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I'm new to regular expressions and grep, but I've been trying to learn it to help me when using console tools.

I have to use cvs, and when I update some files, I don't need to see files that were't updated or with *.pyc extension for example. So, I created a script that calls:

cvs update -d | grep -v 'pyc$' | grep -v '^\?'

First question: why cvs update -d | grep -v '(pyc$|^\?)' dooesn't work, so I need to use cvs update -d | grep -v 'pyc$' | grep -v '^\?'?

Second question: files that weren't updated start with a line:

-f update: Updating FILE

I tried grep -v '^\-f' and grep -v '^-f', but no luck. What is wrong with my expression? Is it a regular expression problem or something about Linux that I'm not aware of?

Thanks!

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grep -c '^-f' works fine, does the actual line start with a space or something other? (you could check that by piping through hexdump or od) –  stacker Jul 13 '10 at 14:18
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2 Answers

up vote 1 down vote accepted

Answers only a part of your question:

You should try egrep instead of grep since | (alternation) and ( ) (grouping) are only supported by egrep.

EDIT:

The 2nd issue could occur since cvs writes some lines to stderr so you would need to redirect stderr to stdout by appending 2>&1 to you command.

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Good, so it's an error from myself. Thanks! –  Somebody still uses you MS-DOS Jul 13 '10 at 13:35
    
Ok, egrep works flawlessly. Any suggestions to the second problem? –  Somebody still uses you MS-DOS Jul 13 '10 at 13:53
    
This is a great answer, I would upvote it more if I could. I think I need to study a little more about streams in Linux. en.wikipedia.org/wiki/Standard_streams Thanks stacker! –  Somebody still uses you MS-DOS Jul 13 '10 at 16:12
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I have to use cvs, and when I update some files, I don't need to see files that were't updated or with *.pyc extension for example.

If this is the actual problem (actually two separate problems) you want solved, using grep on the output from CVS is the wrong solution from the start.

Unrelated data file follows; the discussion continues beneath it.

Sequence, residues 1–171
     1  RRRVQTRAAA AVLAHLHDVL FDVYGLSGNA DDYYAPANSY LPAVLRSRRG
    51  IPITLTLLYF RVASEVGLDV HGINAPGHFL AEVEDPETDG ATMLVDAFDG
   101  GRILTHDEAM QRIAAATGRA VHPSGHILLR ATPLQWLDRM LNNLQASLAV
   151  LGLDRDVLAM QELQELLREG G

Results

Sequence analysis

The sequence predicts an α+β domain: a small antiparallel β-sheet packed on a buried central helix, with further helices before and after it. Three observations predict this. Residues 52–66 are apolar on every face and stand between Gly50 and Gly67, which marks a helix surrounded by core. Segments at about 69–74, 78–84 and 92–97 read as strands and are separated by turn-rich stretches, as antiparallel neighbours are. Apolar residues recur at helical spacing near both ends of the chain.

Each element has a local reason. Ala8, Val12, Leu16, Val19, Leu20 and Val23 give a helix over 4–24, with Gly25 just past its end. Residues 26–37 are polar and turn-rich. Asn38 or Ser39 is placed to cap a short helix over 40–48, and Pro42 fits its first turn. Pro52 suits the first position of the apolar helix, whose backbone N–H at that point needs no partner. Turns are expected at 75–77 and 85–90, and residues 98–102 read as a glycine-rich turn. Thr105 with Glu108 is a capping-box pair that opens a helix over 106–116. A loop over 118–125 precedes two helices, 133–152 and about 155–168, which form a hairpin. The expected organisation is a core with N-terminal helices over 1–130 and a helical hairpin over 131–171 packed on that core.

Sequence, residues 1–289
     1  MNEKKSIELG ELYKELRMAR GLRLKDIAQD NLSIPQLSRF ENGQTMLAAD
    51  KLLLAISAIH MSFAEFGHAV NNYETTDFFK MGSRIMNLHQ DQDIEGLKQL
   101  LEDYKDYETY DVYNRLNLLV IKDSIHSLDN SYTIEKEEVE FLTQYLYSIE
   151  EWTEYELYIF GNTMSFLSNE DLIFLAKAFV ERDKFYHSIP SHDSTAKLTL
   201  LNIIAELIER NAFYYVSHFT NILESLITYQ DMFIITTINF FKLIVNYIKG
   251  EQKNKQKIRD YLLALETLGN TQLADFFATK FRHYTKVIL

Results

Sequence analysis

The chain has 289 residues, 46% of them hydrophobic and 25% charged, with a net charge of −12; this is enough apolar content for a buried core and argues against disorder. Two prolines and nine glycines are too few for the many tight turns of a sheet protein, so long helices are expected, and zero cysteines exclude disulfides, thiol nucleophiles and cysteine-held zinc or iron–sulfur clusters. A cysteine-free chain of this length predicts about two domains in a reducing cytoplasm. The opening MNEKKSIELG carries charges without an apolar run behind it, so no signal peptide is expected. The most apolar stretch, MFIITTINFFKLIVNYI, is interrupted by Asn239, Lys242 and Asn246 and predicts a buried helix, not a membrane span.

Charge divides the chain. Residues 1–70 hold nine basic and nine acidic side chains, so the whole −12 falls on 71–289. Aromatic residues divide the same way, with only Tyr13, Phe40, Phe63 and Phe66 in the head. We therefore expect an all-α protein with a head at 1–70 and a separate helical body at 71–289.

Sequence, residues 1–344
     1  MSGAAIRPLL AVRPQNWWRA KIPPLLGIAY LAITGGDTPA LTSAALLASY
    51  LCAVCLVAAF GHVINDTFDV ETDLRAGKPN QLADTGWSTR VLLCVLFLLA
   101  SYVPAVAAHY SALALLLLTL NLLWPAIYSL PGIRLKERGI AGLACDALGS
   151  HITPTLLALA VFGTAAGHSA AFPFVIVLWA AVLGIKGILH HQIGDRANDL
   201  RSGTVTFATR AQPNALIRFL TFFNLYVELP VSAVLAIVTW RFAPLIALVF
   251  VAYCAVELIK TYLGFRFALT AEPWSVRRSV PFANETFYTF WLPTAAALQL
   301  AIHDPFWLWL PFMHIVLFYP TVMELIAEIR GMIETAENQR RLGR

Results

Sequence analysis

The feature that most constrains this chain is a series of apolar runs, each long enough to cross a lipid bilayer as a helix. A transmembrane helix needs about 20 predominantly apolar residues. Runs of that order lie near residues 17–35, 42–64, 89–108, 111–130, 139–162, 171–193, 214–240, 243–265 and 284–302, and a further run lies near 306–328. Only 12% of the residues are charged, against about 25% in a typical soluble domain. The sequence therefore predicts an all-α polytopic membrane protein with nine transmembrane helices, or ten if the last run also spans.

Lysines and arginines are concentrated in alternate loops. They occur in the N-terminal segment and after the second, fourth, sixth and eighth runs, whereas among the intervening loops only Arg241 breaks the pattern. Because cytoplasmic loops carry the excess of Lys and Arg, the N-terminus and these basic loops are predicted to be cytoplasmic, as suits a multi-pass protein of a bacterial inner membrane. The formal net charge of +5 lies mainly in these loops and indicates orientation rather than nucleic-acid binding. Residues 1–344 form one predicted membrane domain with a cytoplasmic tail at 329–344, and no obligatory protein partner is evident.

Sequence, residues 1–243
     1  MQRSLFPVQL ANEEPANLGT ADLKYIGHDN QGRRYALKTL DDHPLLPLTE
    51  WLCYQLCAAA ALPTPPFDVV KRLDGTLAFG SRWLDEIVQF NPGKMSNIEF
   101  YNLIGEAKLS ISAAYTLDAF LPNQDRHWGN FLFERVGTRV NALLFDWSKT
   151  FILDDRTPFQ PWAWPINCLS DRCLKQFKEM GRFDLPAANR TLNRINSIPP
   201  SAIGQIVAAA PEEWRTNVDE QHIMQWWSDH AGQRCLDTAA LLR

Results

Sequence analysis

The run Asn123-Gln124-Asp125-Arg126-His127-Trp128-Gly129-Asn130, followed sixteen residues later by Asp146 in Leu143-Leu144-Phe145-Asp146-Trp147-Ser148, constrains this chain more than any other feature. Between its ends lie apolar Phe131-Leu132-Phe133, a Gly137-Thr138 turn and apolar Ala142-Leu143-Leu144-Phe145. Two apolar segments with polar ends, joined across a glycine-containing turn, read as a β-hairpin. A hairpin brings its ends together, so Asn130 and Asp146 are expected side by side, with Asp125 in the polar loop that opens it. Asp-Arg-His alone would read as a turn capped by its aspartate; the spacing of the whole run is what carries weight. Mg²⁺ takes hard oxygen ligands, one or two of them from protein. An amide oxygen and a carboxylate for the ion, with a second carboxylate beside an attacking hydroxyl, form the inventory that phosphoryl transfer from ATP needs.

For the pyc thing, you should add a .cvsignore file to your project with a single line that says *.pyc, or add that line to an existing .cvsignore file. This will make CVS ignore all the pyc files completely instead of listing them as unknown.

The .cvsignore file applies to all files and subdirectories below the folder that contains .cvsignore, so if all the pyc files are within a specific subdirectory of the project you'd add the cvsignore file in that subdirectory, otherwise just add it in the root folder of the project.

As for ignoring files not updated - I think the "cvs update: Updating foo" output you refer to is rather what cvs update prints for each visited directory in the repository. To get rid of this printout, use the -q flag to CVS (this flag goes before the update command, like so: cvs -q update -d).

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I liked your approach. +1. But I marked the other answer as accepted not only because it solved my problem, but I learned something more about grep as well. I'm using it in other scenarios where parameters like you provided aren't available. –  Somebody still uses you MS-DOS Jul 14 '10 at 12:24
    
You seen to know a lot of cvs... would you mind trying to help me in another questions I asked here that have 0 answer about cvs? :) –  Somebody still uses you MS-DOS Jul 14 '10 at 12:51
    
I teste -q, it works, but .cvsignore doesn't. I created a .cvsignore in my project root folder, with "*.pyc" and they keep showing when I run cvs update. –  Somebody still uses you MS-DOS Jul 14 '10 at 13:04
    
It doesnt work when I put in my project root, but it works when in home folder. Thanks! –  Somebody still uses you MS-DOS Jul 15 '10 at 13:54
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